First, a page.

A cataract is a clouding of the lens of the eye. When clear and healthy, your eye has no problem collecting visual data. When cataracts begin to develop, they impair the eye's ability to see clearly. In the beginning, symptoms are difficult to notice. It appears sporadically, without any schedule or frequency. You'll get red eyes more and more often, and then things will be blurrier than ever. When they become more advanced, the lens will turn "milky" in color and transparency. In their most advanced stage, the risk of full blindness is high. Cataracts are the number one cause of blindness in the world.
Cataracts cause many changes in your eyes, but perhaps the most evident one is discoloration. Less severe cases manifest through yellow shades, while the most severe cases are brown. This discoloration is already a sign that the cataract is progressing further. If you don't act on it, the color will become darker, and your vision will become more impaired over time.
As your vision gets cloudy, your ocular nerves will have to invest more energy towards seeing. Due to this, they will become less and less capable of putting up with strong light sources. If you have progressed to this stage you will find bright light very uncomfortable.
Cataracts can present themselves in different ways. A cataract can make it difficult to differentiate between objects that are near or far. Everything will be cloudy, and shapes will become difficult to tell apart. Cloudy vision is a symptom exclusive to cataracts.
Typically, wearing glasses or contact lenses will correct near- or far-sightedness and allow you to see clearly. But with cataract, it is futile to wear glasses. If your vision gets worse soon after just getting a stronger pair of glasses, you should be worried.
This symptom is tricky because it can actually get better as the cataract becomes worse. In the beginning, you might experience two items in one of your eyes, but not the other. It will become more defined for some time until the eye gets used to the damaged lens. Later, it stops registering the double objects. Seeing double is always a serious symptom, and noticing it in time may end up being a lifesaver.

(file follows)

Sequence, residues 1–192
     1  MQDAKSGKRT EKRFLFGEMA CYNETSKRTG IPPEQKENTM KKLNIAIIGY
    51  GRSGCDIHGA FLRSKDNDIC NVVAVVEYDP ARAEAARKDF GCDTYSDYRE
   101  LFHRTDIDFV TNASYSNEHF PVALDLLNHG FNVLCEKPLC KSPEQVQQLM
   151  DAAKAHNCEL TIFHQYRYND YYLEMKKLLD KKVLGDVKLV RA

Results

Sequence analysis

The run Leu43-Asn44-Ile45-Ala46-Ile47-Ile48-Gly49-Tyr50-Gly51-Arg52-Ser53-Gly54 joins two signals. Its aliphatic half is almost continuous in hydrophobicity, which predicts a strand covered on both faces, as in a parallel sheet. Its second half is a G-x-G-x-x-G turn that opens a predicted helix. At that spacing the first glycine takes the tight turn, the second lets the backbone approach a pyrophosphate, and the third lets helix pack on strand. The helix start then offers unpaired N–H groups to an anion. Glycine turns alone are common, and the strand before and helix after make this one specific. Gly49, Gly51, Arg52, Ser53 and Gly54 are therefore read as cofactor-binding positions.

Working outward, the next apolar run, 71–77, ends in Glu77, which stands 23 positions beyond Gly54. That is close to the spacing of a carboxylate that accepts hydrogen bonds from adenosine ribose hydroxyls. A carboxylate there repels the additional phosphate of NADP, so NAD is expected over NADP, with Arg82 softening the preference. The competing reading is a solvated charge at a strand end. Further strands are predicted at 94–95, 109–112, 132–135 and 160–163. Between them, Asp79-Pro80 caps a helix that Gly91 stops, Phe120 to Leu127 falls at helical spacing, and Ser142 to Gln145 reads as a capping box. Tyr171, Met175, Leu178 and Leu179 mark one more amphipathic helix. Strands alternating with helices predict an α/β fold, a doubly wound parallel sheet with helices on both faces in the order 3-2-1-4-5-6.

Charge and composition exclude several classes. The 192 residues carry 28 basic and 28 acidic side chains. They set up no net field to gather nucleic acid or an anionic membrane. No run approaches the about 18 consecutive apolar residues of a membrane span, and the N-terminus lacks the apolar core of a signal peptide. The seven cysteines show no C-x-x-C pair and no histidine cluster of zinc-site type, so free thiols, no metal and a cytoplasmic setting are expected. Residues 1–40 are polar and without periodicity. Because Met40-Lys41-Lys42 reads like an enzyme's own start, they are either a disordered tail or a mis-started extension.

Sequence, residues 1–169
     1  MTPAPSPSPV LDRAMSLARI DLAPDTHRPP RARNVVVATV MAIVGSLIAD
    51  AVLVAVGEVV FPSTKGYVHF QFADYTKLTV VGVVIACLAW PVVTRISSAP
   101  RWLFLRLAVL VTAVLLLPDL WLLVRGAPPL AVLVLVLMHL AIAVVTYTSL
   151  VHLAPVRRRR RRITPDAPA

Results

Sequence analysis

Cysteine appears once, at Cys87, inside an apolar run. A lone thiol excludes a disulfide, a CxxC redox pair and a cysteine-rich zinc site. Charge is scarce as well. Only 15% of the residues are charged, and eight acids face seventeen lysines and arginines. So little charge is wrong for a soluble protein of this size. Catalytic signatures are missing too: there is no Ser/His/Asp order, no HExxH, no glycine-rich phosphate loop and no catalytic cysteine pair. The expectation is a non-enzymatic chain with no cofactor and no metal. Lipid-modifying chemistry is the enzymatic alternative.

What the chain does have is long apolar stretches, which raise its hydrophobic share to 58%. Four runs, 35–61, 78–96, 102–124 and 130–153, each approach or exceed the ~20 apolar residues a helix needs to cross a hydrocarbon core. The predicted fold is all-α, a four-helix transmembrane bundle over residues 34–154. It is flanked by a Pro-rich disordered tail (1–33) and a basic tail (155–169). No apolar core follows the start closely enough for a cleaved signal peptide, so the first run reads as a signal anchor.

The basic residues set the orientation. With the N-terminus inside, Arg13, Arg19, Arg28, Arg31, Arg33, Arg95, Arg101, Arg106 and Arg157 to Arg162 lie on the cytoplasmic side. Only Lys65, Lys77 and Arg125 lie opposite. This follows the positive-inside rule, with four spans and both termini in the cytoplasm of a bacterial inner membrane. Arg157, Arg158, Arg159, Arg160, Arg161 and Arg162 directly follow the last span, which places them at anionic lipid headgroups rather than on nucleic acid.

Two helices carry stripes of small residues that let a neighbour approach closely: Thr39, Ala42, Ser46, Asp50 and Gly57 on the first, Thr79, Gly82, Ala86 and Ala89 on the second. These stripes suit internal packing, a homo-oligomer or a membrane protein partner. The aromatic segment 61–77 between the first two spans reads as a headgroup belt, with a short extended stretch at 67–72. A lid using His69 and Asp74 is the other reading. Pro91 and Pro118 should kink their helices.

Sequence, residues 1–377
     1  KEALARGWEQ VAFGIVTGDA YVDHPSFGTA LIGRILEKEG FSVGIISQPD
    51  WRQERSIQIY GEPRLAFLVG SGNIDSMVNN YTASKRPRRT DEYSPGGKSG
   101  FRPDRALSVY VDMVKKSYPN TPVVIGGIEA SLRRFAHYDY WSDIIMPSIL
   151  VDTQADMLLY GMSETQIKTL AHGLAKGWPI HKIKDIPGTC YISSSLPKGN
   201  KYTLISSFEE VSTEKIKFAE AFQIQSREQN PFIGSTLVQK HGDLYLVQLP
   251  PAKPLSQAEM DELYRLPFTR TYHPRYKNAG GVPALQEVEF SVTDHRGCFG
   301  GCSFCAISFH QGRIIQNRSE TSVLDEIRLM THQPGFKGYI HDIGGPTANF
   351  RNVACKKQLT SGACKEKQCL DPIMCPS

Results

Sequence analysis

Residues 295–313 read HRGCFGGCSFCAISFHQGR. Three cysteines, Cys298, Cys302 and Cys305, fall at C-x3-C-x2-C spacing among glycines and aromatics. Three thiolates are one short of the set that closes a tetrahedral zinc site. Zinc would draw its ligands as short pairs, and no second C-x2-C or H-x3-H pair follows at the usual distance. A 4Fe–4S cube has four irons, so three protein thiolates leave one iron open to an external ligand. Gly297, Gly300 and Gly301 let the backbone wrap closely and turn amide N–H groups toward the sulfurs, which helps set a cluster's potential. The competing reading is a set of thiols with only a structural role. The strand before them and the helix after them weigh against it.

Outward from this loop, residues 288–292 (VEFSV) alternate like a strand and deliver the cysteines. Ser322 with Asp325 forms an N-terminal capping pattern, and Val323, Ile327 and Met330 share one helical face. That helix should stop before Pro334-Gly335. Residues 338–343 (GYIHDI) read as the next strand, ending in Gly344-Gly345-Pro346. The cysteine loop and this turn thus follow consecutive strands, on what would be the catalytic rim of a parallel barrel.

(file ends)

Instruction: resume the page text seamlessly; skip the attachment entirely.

Driving at night is always tough; the streets are dark, the headlights are bright, and the chance of encountering dangerous drivers is high. Now, add vision loss to these problems. You might be putting yourself and others in danger. People think this is a normal sign of aging, but that is not always the case.
Although looking out on a bright day is already uncomfortable, with cataracts, it is downright painful. It seriously influences the way you plan and go about your day.
You will know that a cataract is advancing if normal colors have a yellowish or brownish hue when you look at them. This a result of the lens getting damaged and your ocular nerve being unable to register the right colors.
Because the lens gets damaged, you may experience a permanent glaze. It won't go away, and it will become gradually worse with time. It can feel like a transparent layer of fabric covering your eyeballs. It gets annoying as it affects depth perception and makes concentration difficult. A side effect of this symptom is eye strain. Migraines may ensue if you ignore the problem for too long.
Nearsightedness is how most cataracts get discovered. Ophthalmologists will discover the cataract during routine checkups. This symptom tends to appear very early in the development of the condition. Keep in mind that while it is common, cataracts do not always result in nearsightedness, so don't rule anything out on this alone.
This site offers information designed for educational purposes only. You should not rely on any information on this site as a substitute for professional medical advice, diagnosis, treatment, or as a substitute for, professional counseling care, advice, diagnosis, or treatment. If you have any concerns or questions about your health, you should always consult with a physician or other healthcare professional.